The PC port (Prontor-Compur) is the traditional flash sync connector. You can get a PC cable to connect your camera to your flash and trip the flash remotely that way. Or you can use the PC connector to connect radio triggers.

The 3.5mm phone jack (or sometimes 2.5mm) on flashes is a much more recent development than PC ports, mostly introduced by Lumopro on their LP120 flash (although flash users had been modding flashes to add them for some time by then). The phone plug makes for a much more robust connection than a PC connector. It's also a much more commonly available connector, and given how many radio triggers also sport 3.5mm or 2.5mm phone jacks, this means you can purchase or make simple audio cables to use as sync cables.

Built-in radio receivers often have the downside of requiring that you buy same-brand transmitter units, but most of them do come with an upside: remote power control.

Remote Power Control

While a built-in receiver may only work with a transmitter from the same brand, the company that makes both the flash and the triggers can also build in manual power and/or zoom control. This happens with studio strobes as well (e.g., Paul Buff lights and the CyberCommander) and this is now happening with speedlights as well (e.g., Yongnuo YN-560III/IV with a YN-560-TX, Cactus V6 with the RF60, Godox V850 with FT-16S, etc.).

Remote power control, when doing off-camera work can become very handy, particularly if you're stuffing the flash into, say, a Westcott Apollo softbox and would like to avoid having to open up the softbox every time you want to adjust the flash's power output. Or you're putting your flash somewhere not easily accessible, like outside the window of the room you're shooting in, or high up in the bleachers for a basketball game.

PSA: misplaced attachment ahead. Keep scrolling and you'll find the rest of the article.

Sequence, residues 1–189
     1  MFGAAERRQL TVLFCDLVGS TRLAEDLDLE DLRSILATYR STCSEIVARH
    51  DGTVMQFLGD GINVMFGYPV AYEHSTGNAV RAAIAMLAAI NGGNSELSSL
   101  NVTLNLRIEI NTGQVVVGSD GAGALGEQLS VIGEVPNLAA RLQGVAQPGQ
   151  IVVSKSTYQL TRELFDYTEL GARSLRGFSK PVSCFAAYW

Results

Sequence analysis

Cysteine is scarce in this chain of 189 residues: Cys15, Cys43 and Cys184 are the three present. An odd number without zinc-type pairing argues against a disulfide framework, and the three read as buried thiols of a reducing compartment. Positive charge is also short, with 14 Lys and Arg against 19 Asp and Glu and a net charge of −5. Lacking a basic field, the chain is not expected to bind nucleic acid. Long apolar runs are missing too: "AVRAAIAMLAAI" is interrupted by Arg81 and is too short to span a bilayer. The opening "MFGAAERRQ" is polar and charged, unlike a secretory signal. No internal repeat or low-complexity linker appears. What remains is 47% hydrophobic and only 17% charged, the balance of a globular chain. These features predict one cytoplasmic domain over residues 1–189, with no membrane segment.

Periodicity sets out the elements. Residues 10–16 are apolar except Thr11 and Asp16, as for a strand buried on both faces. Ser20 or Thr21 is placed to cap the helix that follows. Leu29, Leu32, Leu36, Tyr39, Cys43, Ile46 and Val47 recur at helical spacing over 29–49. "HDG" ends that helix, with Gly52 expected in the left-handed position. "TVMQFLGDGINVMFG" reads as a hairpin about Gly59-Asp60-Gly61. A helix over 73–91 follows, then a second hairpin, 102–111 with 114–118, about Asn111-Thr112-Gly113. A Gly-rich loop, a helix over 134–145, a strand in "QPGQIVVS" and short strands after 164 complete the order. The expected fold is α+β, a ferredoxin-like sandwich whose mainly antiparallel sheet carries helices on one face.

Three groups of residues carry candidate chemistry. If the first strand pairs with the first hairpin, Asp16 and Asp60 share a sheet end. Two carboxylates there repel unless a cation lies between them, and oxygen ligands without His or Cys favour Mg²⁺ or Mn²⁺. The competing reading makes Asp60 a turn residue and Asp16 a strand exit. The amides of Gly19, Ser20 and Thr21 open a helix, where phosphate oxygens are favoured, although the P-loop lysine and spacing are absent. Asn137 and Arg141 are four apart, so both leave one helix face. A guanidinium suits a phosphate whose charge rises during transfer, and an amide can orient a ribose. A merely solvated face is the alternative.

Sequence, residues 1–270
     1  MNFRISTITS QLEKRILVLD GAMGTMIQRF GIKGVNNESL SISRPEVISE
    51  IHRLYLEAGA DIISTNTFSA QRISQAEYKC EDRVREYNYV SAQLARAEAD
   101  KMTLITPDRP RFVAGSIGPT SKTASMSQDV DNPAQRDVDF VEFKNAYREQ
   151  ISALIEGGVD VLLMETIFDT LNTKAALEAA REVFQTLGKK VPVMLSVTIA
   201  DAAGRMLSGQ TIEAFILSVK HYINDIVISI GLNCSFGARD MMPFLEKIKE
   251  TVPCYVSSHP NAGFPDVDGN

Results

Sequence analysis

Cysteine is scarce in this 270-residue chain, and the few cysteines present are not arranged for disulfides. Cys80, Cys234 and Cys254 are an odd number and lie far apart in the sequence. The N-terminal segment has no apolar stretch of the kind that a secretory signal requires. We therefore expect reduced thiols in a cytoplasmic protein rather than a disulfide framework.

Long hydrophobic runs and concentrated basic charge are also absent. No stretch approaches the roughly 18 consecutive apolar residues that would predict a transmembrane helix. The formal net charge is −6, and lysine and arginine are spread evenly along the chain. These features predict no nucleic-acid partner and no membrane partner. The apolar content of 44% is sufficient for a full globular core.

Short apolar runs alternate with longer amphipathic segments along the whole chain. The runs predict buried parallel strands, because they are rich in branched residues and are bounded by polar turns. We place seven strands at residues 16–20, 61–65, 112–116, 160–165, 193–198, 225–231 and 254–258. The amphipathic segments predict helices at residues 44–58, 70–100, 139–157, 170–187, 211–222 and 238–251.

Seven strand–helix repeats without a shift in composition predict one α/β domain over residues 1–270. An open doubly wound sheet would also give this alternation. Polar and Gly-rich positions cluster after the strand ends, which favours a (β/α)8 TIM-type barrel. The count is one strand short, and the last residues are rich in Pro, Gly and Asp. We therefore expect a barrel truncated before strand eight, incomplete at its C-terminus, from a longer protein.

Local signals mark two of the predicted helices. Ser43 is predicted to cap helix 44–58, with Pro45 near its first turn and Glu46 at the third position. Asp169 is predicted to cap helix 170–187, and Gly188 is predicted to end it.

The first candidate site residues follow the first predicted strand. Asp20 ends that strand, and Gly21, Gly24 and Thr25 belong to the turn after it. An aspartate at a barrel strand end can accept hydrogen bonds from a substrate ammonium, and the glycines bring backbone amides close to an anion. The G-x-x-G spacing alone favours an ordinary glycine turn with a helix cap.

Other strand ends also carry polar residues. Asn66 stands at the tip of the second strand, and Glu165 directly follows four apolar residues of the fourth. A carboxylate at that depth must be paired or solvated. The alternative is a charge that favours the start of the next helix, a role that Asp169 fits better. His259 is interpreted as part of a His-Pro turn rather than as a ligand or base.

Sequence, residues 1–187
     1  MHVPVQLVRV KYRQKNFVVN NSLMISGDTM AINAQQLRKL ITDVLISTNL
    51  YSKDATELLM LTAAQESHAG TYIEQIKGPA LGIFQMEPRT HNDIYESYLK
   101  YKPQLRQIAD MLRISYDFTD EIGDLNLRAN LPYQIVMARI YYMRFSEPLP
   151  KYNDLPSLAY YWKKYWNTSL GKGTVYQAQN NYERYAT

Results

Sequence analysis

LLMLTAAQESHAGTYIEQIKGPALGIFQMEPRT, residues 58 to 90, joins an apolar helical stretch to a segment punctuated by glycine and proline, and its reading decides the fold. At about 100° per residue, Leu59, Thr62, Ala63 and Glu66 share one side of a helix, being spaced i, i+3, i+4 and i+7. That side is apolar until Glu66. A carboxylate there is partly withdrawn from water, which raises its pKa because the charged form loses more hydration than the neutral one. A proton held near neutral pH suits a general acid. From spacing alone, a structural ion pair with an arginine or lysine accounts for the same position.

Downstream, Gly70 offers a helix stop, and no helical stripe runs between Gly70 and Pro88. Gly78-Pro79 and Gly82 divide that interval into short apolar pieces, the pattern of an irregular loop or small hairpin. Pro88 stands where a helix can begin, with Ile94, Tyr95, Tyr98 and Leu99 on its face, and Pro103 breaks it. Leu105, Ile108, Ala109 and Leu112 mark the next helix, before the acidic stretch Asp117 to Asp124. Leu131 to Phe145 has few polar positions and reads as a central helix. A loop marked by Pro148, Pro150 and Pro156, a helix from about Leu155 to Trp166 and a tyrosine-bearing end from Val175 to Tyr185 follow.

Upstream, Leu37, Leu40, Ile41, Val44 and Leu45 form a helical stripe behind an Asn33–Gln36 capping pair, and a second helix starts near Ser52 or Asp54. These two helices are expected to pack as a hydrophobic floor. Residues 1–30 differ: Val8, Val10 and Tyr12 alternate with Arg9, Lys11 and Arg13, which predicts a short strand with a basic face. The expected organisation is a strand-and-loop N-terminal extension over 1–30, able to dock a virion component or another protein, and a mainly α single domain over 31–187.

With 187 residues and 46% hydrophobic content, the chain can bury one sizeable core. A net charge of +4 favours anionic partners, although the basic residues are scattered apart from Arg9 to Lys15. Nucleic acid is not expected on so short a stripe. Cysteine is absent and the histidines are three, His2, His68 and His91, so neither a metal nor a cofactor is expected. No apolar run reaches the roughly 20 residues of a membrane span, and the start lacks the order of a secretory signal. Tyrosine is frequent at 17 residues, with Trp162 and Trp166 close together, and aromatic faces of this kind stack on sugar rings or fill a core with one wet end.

Automatic Power Control

Some older manual flashes can't do TTL, but they do have a circuit to act as a sensor and auto cut-off switch for the flash pulse. In other words, Auto mode (or an autothryistor) is an older technology that was used to auto-set the flash power before TTL came along. This feature is mostly found on older vintage flashes than current new manual flashes, but if you plan on using the flash on-camera as well as off, it could be handy to have in run'n'gun event as an alternative to TTL. You will need to enter the ISO and aperture setting you're using into the flash.

Battery Port or Technology

A battery pack port can be useful if you want to avoid swapping batteries all the time, or wish to reduce the recycle time of the flash. But you can't use one if you can't hook one up to your speedlight.

In addition, there are now flashes coming onto the market (e.g., Godox V850) that don't use AAs, but rather proprietary Lithium-Ion packs that essentially replace an external battery pack.